Wednesday, June 13, 2012

Dylan Ratigan's Replacement.

Dylan Ratigan is leaving MSNBC. I don't have strong feelings about that; I wasn't a fan of his show. There's only so much Howard Beale you can channel before it begins to obscure your message. 

I am interested in who MSNBC might get to replace him, however. I have said elsewhere that we're living in a golden age of journalistic talent, even if we're in the Dark Ages of journalism's execution of its civic responsibilities. I can think of a dozen superlatively talented journalists off the top of my head, any one of whom might be an excellent choice to replace Ratigan's shrieking outrage with more effective, measured analysis. 

(This and unlabeled images from Wikimedia Commons)

Chris Hayes (@chrislhayes) is probably my favorite choice. He currently hosts Up with Chris Hayes at 8 AM on weekends on MSNBC, which is hands down the smartest show on television. That may not be replicable in a 5 day per week format; Mr. Hayes' piercing analysis probably requires some lengthy thought. His excellent panels would probably be watered down with more hack guests, and the show's current 2 hour format would suffer if truncated to a single hour. It should be noted that doing away with the Hardball rerun would solve that problem. 

Ezra Klein (@ezraklein) would be another great choice. Klein writes the extraordinarily informative Wonkblog for the Washington Post. He's also a contributor to Bloomberg. Klein is smart, funny, telegenic and astonishingly well-informed on a huge variety of subjects. He has extensive television experience as a guest on a number of shows, and has polished his telepresence as a guest host, most recently on The Rachel Maddow Show. This guy is going to win a Pulitzer someday, and MSNBC would be smart to sign him to a long-term contract before his market value spikes. 

I have no idea if Eugene Robinson (@Eugene_Robinson, not that he ever tweets. Get with the program, Mr. Robinson.) has any interest in hosting a show, but he'd be another terrific choice. Mr. Robinson already has a Pulitzer, and it's not likely to be his last. He writes a syndicated column for the Post, and is extremely well versed in both politics and policy. His experience as a managing editor for the Post would serve him well running a news show. He's smart, entertaining and has an absolute gift for cutting through the bullshit. For the most part he's humorous and easy going, but he can be provoked. At that point he simply becomes authoritative. Anything hosted by him would be "must see" television.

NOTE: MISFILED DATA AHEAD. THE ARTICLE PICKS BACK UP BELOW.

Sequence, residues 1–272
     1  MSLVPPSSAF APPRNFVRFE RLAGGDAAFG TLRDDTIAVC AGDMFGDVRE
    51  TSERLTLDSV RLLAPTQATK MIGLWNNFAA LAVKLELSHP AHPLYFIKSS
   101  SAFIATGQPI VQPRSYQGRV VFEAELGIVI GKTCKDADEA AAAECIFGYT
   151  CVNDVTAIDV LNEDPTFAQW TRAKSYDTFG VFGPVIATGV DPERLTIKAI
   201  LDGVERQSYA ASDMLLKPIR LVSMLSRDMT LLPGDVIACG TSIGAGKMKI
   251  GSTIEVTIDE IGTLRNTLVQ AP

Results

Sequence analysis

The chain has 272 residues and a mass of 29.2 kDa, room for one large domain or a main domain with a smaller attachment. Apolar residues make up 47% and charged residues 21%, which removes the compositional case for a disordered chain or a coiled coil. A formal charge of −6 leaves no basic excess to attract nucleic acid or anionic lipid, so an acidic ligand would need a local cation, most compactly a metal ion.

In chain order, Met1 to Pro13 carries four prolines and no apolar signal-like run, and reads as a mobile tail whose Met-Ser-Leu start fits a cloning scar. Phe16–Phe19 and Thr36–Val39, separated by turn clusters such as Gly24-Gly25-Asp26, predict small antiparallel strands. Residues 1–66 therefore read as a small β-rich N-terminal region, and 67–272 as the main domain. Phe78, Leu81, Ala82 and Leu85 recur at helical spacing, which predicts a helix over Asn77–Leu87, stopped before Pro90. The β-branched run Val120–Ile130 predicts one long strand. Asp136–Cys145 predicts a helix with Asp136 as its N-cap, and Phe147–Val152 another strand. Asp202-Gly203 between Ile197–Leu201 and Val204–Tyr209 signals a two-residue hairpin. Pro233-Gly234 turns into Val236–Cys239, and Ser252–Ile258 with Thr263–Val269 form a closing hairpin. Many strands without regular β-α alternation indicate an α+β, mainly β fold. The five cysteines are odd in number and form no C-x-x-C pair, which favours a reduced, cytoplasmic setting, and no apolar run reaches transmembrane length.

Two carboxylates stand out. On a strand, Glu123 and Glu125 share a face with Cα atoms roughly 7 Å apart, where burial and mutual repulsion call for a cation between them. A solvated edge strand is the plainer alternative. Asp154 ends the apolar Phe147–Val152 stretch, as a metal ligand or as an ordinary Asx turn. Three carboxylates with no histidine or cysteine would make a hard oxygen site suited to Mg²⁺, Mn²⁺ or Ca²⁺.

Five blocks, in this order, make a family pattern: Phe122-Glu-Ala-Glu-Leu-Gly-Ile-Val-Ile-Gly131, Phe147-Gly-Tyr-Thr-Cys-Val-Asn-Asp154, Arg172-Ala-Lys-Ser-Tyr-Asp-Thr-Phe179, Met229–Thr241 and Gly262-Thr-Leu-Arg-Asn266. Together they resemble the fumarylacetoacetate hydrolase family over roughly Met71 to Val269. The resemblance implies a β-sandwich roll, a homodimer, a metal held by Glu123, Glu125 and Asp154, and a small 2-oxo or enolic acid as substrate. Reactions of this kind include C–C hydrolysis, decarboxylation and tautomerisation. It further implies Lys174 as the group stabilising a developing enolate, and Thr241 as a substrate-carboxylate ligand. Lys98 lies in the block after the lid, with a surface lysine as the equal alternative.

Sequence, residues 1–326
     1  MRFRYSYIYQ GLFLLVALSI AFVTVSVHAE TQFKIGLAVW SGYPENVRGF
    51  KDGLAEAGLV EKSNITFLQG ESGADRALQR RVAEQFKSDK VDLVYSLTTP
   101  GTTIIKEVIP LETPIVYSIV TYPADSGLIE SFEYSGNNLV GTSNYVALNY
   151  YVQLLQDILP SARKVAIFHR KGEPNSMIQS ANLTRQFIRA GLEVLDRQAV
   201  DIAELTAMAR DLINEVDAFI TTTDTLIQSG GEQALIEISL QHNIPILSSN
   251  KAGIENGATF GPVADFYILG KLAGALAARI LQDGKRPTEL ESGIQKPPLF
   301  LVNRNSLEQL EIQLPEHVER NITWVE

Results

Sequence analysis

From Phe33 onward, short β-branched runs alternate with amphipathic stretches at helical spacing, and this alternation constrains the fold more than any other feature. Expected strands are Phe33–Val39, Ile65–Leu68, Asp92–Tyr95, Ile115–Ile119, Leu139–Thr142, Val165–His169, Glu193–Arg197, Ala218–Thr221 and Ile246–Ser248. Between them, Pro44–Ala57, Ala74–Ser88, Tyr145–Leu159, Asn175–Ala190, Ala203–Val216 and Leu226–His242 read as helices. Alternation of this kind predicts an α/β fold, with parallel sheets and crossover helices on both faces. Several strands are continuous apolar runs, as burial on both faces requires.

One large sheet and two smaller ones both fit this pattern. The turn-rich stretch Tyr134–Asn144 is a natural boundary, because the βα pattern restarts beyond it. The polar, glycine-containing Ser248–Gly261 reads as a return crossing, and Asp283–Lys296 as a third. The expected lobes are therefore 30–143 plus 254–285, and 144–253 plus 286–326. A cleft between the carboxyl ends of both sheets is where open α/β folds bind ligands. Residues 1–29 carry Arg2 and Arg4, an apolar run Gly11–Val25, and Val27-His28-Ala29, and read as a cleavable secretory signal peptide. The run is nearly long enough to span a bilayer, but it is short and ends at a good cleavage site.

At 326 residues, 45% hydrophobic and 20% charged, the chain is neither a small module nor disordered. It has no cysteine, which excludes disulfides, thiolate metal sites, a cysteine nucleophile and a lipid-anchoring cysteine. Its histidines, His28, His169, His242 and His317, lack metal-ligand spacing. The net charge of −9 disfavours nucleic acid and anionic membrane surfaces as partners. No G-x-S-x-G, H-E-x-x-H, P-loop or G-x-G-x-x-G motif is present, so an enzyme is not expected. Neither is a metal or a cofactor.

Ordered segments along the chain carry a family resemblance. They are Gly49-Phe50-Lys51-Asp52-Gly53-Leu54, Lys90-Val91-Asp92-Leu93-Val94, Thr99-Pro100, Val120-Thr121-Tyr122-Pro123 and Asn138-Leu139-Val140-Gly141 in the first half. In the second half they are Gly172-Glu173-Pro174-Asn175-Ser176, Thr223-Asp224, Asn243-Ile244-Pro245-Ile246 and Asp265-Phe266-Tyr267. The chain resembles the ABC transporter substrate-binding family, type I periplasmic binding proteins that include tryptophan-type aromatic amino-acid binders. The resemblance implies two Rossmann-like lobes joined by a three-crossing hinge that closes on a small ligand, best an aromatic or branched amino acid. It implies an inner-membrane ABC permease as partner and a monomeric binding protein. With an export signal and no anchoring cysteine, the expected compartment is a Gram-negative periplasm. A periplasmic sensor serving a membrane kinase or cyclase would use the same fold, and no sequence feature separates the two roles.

Michelle Goldberg (@michelleinbklyn) would be an outstanding choice for the job. She's as smart as Klein and Robinson. She's almost as broad as Klein in her fields of expertise, having written on both feminist topics and religious fundamentalism. Her book Kingdom Coming is one of the great books on American Politics. (Still not available as an e-book, dammit). Her television presence is smooth and confident, and she brings a sharp edge to her commentary that resonates with those of us tired of bland conventional wisdom and Beltway false equivalence. 

(Image from

Dave Weigel (@DaveWeigel) is perhaps the best political (as opposed to policy) analyst writing today. His knowledge of recent political history is encyclopedic. His work ethic, in a journalistic community almost catatonically lazy, is relentless. Unlike the majority of other MSNBC hosts, Mr. Weigel is not a political liberal. He is instead a Libertarian, which would score some points for the network in the "journalistic balance" game. Most impressive, he is the single most intellectually honest writer of whom I know, willing to call BS on the most sacred cliches of the Beltway, and back up those calls with meticulously gathered evidence. His television appearances have been less frequent than they should be, and he may lack the polish of some of the other candidates. That was true of both Rachel Maddow and Al Sharpton when they started their shows of course, and they quickly mastered the craft. 

Joy-Ann Reid (@thereidreport) writes for the Miami Herald and blogs at The Reid Report. She would bring unrivaled electronic media experience to the job, having worked in both television and radio, and owning her own video production company. She's smart, assertive and knowledgable about both politics and policy. She's also a fine investigative journalist, having covered the killing of Trayvon Martin on site, and doing numerous interviews with the principals. 

(image from the Reid Report)

This list is by no means comprehensive. Matt Taibbi of Rolling Stone is a terrific reporter who would appeal to fans of Rattigan's subversiveness. Robert Reich would be an excellent choice to host a show. Some other possibilities: Ana Marie Cox, Michael Hastings, or Catherine Rampell, all of whom are first rate journalists.

(Cox. Image from Facebook.)

(Hastings. Image from Media Bistro)

(Rampell. Image from the NYT)

I could go on. As I said before, this is a Golden Age of journalistic talent. Any one of the names I mentioned, and dozens more would be very able replacements for Dylan Rattigan. In many cases, they would be upgrades.